At what stage does “community participation” become obsessive? At what stage does commenting on other people’s blogs become less about reciprocity and good manners, and more about maintaining the readership, keeping that comments thread nice and healthy and full? When you find yourself slumping into a black mood because you posted one hour ago and “still no one has stopped to show me love,” then what does this reflect about the "relationships" you are cultivating? If you remedy the situation by carpetbombing a few blogs you’ve neglected lately, is that quite right?
Let me tell you a secret. After my baby was born last November, my blog became a pretty dead space. Understandably. I was not really motivated to write. I was simply motivated to function in some kind of human way. Sleep was also a priority.
Fast forward a few months, and I was ready to leap back in. And (it seemed to me at the time) in terms of my blog I really paid for my hiatus. It was like starting from scratch. I would post what were (to me) HI-LARious posts, and get only 1 or 2 responses. My STATS were pathetic, in my mind, and all those people who had been part of my community before were off enjoying other blogs. And how could I blame them? I had dropped off the face of the earth. When it comes to blogging, out of sight, out of mind can be very true. I knew this. I had observed the community norms, for chrissakes!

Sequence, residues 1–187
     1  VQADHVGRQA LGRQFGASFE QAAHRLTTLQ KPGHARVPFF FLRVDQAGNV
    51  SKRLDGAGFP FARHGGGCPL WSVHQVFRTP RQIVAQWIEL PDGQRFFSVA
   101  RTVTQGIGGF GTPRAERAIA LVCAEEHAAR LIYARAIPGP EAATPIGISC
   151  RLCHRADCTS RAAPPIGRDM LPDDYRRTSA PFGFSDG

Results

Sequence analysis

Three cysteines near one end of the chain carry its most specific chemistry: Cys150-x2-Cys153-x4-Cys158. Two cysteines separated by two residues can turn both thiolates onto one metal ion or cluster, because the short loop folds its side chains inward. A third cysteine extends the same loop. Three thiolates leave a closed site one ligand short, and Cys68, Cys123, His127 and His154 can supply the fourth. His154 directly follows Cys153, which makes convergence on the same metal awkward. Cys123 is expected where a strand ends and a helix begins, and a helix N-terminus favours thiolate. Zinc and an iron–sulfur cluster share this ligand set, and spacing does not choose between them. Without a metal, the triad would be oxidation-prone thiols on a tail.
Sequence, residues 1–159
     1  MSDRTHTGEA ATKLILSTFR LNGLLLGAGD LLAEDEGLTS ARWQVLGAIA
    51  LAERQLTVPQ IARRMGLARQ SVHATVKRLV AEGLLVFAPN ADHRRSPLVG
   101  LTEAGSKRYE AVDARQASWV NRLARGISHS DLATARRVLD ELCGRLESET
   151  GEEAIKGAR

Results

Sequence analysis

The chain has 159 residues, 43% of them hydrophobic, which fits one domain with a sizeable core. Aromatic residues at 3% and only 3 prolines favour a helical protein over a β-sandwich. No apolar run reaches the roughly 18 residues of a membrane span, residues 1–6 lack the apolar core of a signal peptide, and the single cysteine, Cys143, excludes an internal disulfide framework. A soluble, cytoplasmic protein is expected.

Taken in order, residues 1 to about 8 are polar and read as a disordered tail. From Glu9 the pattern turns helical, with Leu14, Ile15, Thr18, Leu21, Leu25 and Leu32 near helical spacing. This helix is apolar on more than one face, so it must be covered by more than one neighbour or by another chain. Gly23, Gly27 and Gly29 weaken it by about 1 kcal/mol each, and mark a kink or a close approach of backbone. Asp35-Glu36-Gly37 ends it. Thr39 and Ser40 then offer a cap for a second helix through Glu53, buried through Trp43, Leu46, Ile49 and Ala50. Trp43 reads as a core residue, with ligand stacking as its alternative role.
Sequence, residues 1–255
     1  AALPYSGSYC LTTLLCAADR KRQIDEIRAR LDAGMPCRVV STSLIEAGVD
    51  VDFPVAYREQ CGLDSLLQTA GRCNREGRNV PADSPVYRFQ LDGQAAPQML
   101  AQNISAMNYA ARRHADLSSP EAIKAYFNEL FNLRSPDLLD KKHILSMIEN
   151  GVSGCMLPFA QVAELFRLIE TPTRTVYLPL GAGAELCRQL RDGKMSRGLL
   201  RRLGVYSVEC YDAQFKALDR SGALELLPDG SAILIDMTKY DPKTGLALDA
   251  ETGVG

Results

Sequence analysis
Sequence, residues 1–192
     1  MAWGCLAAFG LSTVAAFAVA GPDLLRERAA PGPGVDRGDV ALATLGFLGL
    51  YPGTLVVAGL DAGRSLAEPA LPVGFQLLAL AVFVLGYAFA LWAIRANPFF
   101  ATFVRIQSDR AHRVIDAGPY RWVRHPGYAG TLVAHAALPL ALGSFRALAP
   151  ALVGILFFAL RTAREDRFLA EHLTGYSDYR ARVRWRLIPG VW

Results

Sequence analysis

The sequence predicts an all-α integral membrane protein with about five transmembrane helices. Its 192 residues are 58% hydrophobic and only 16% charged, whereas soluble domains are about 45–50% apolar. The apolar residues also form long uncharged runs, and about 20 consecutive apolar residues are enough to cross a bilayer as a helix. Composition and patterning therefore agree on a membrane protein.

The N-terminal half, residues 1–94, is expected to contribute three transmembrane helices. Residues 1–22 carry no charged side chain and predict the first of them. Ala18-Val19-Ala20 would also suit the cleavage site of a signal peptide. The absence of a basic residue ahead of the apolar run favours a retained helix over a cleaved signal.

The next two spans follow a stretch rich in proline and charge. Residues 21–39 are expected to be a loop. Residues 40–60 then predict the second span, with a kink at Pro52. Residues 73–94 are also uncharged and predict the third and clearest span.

So I got busy. I was suddenly everywhere –at my old haunts, but also lots of newer bloggers I had not read yet. And it was a heady time. How I had missed Mama Tulip and Mom 101, those girls can write. And the more I commented, the more I saw a spike in my own comments, and while my stats did not exactly soar, they became much healthier. Then came the day when this post got linked from Zero Boss and Babble, and finally, I thought, I have arrived. Stats continued to escalate, until there was a week where I was hitting about 500-700 a day. (it was a lot for me, ok???)
The writing! The writing is speaking for itself! All my work is paying off!
Yes. My “work.” (Is it work, this thing we call “reciprocity”?)
Anyway, I did not think to check and see exactly which post was drawing the traffic. But surely it was my witty political commentary on the breastfeeding that ZB and Babble had so rightly picked up for its sheer genius.
Think again, Joy…. Try this post.